Prime Minister Imran Khan has urged the international community to deal with the grave crisis in Indian Occupied Kashmir sparked off by New Delhi’s “illegal” annexation of the disputed state, warning of a possible military confrontation between nuclear-armed India and Pakistan amid escalating tensions in the region.
“If the world does nothing to stop the Indian assault on Kashmir and its people, there will be consequences for the whole world as two nuclear-armed states get ever closer to a direct military confrontation,” he wrote in an opinion piece in the The New York Times.
Titled “The world can’t ignore Kashmir. We are all in danger,” was published on Friday, coinciding with Pakistan government’s call to observe Kashmir Hour across the country to show solidarity with Kashmiris in Indian occupied Kashmir, whose rights were stripped by the Indian government earlier this month.
The prime minister denounced India’s abrogation of Article 370 and 35A of the Indian constitution, which had accorded a special status to Jammu & Kashmir. “The move is illegal under the Constitution of India, but more importantly, it is a violation of the United Nations Security Council resolutions on Kashmir and the Shimla Agreement between India and Pakistan.”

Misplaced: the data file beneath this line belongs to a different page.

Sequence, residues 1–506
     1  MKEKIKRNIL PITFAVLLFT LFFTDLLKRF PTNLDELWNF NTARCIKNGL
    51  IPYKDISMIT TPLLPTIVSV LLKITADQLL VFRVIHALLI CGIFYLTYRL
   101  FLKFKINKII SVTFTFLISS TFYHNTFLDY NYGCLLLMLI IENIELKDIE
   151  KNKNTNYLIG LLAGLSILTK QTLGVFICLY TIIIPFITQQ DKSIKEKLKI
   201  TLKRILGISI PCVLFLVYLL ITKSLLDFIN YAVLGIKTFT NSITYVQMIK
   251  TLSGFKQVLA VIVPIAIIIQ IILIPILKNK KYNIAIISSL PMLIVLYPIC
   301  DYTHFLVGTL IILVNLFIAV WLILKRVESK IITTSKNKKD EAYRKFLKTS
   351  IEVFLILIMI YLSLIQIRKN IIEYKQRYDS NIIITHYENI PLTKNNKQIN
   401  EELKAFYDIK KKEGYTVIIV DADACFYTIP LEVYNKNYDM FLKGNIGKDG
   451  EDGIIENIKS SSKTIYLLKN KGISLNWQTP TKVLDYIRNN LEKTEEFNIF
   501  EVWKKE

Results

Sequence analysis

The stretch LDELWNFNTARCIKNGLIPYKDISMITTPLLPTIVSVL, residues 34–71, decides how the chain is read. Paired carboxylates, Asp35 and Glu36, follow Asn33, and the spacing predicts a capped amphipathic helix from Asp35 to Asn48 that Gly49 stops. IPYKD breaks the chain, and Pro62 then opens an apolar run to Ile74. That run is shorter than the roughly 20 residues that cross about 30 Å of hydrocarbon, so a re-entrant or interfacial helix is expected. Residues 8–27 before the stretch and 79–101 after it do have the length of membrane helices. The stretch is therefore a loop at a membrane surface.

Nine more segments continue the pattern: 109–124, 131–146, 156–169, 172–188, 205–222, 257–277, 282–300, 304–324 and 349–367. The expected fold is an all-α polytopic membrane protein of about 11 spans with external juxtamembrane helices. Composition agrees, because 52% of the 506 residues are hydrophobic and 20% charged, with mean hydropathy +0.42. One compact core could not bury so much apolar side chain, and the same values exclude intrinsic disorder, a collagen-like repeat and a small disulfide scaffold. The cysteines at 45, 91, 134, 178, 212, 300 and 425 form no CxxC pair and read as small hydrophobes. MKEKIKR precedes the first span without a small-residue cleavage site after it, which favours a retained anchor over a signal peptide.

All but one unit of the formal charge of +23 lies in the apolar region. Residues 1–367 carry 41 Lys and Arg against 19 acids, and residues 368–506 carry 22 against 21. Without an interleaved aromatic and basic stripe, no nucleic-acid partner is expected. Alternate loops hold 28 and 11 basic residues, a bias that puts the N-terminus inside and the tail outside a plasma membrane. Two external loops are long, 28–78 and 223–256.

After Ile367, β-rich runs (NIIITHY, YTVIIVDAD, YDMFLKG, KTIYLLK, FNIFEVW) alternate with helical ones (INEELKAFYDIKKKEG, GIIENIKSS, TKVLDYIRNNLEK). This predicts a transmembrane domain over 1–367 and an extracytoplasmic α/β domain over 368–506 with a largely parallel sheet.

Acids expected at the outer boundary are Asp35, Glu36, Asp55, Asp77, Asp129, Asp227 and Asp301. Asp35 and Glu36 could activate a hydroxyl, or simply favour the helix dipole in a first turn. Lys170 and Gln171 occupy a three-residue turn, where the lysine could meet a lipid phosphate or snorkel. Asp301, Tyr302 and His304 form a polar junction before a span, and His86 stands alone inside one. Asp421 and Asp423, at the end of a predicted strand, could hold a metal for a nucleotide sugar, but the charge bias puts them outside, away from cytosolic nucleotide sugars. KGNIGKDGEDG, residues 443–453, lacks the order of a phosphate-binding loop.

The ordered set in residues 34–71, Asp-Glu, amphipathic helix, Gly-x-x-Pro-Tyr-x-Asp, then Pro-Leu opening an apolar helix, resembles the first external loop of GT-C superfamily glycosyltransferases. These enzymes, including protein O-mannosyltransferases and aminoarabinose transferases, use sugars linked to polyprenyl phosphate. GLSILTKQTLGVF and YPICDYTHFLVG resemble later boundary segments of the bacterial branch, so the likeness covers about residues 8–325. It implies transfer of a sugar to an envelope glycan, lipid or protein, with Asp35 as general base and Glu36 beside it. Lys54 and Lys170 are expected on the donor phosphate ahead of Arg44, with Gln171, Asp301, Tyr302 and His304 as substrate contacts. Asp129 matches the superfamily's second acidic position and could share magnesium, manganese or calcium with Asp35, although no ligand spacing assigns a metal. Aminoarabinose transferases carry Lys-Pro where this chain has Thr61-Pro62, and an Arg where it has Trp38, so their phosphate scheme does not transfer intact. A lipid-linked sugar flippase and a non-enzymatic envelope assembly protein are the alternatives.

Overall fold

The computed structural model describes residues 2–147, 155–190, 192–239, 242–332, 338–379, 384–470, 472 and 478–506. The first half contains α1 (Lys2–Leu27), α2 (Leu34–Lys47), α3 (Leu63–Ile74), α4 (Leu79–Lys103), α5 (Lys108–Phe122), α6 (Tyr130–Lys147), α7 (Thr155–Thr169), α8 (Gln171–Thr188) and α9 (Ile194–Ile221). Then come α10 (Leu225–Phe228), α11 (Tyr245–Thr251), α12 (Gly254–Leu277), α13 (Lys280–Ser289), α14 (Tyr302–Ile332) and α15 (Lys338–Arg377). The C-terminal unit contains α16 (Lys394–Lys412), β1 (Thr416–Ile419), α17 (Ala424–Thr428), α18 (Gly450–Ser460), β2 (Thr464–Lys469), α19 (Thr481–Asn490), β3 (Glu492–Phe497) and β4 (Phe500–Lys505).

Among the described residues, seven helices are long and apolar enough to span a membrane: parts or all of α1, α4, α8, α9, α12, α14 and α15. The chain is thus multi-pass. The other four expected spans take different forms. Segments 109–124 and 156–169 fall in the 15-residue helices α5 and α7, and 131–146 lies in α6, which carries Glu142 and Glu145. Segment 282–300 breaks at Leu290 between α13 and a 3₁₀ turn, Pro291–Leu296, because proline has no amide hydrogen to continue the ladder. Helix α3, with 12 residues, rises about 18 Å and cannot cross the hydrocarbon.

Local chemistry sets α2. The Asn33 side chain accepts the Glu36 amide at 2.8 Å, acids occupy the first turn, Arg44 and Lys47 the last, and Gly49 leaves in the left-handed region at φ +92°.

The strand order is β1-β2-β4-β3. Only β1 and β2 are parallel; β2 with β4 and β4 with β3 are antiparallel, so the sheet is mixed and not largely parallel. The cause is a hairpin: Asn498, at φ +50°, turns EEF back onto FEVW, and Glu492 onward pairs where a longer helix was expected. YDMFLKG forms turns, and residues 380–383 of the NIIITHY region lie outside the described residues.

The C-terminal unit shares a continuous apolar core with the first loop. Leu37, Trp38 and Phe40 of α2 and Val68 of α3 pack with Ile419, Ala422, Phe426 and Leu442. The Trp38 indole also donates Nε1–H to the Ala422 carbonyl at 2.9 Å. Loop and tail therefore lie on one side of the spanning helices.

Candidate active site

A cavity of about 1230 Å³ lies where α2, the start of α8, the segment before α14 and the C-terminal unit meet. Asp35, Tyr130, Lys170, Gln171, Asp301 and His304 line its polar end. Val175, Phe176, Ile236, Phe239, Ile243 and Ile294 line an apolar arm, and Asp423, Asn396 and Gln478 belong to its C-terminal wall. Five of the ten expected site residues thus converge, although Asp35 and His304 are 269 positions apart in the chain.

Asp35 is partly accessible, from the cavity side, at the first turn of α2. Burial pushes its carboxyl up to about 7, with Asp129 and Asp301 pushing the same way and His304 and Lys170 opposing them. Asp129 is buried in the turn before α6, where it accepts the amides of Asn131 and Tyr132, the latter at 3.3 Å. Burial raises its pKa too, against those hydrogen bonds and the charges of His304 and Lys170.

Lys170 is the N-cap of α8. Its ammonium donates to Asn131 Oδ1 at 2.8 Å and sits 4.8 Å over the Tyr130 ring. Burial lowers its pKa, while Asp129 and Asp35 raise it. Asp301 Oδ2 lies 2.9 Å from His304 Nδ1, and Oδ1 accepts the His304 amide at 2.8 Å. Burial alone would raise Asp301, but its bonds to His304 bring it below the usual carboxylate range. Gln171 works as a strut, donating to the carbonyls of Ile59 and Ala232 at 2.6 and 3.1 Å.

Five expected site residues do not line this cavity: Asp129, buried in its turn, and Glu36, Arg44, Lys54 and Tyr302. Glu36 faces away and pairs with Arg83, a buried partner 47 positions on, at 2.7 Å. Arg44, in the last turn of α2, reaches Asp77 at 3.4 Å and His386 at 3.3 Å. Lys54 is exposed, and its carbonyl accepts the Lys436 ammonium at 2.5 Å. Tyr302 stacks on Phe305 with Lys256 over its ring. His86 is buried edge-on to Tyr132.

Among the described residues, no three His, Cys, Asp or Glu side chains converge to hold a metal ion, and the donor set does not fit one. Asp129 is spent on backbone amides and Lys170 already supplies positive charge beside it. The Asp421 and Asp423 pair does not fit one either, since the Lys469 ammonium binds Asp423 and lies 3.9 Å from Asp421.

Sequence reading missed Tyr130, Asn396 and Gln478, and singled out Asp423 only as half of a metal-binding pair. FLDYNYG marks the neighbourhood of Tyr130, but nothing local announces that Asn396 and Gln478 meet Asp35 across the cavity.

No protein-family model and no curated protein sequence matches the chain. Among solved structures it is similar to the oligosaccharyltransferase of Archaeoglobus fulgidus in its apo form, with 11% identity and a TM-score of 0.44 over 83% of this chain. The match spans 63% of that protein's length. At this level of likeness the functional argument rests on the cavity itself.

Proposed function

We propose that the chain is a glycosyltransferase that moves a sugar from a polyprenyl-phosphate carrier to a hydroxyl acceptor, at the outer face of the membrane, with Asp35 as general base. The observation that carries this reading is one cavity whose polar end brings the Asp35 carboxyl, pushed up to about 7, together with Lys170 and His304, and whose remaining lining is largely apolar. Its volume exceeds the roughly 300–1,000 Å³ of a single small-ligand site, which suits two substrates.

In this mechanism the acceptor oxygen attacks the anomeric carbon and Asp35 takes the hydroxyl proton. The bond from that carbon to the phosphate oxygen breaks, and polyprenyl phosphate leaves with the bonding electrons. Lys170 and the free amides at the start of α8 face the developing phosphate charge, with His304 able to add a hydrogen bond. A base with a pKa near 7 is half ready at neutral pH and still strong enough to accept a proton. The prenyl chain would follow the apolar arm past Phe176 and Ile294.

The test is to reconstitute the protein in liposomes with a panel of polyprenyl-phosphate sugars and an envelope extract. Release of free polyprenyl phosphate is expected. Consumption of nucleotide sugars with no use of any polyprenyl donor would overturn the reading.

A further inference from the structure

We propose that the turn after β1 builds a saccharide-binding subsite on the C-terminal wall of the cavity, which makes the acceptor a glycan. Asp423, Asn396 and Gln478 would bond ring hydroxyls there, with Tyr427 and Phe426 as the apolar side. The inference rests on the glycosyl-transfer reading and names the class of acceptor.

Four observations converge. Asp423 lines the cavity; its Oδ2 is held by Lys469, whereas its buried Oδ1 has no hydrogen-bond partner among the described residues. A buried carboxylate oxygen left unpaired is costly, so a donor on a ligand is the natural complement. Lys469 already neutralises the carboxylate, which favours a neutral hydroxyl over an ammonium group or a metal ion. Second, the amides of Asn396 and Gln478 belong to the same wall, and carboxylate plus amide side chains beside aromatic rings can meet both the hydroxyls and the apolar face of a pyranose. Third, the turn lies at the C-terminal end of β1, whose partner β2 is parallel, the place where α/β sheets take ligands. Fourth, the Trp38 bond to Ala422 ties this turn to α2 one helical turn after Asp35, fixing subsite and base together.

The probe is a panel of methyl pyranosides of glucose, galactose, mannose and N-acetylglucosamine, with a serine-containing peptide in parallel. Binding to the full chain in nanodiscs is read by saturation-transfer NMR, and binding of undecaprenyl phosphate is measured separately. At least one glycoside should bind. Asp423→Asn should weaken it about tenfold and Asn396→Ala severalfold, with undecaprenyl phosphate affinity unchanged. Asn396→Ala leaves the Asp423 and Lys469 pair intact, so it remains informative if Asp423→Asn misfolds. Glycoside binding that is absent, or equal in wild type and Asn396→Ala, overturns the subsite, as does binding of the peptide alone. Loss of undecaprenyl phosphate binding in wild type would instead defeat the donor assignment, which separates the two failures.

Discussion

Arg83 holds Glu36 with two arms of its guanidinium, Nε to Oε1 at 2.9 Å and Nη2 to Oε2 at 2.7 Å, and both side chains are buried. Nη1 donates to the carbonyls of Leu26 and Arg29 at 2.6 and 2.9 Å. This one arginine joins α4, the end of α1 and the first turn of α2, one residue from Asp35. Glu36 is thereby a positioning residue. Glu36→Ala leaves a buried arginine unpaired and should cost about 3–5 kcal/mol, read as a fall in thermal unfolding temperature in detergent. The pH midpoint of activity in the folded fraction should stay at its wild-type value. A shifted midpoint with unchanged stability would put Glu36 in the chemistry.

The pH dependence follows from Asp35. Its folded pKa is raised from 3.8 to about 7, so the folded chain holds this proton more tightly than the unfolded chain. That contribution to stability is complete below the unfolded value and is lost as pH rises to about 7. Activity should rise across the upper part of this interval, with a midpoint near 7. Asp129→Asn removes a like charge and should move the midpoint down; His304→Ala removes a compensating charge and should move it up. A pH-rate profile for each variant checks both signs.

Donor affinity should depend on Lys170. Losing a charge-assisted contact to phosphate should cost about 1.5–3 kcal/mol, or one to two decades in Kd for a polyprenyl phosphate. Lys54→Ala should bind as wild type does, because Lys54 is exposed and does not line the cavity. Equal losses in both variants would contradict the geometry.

Occupied Kashmir is under lockdown since August 5. “Thousands of Kashmiris have been arrested and thrown into prisons across India. A blood bath is feared in Kashmir when the curfew is lifted. Already, Kashmiris coming out in defiance of the curfew are being shot and killed,” Prime Minister Imran Khan said.
At the outset, Imran Khan enumerated the steps he had taken after his election as prime minister a year go seeking dialogue for normalization of India-Pakistan relations, but said his efforts for peace were “rebuffed” by New Delhi. He also narrated the events leading to the current situation, which has taken a dangerous turn.
“With the nuclear shadow hovering over South Asia,” he said, “We realize that Pakistan and India have to move out of a zero-sum mind-set to begin dialogue on Kashmir, various strategic matters and trade”.
“On Kashmir, the dialogue must include all stakeholders, especially the Kashmiris. We have already prepared multiple options that can be worked on while honouring the right to self-determination the Kashmiris were promised by the Security Council resolutions and India’s first prime minister, Jawaharlal Nehru,” the prime minister wrote.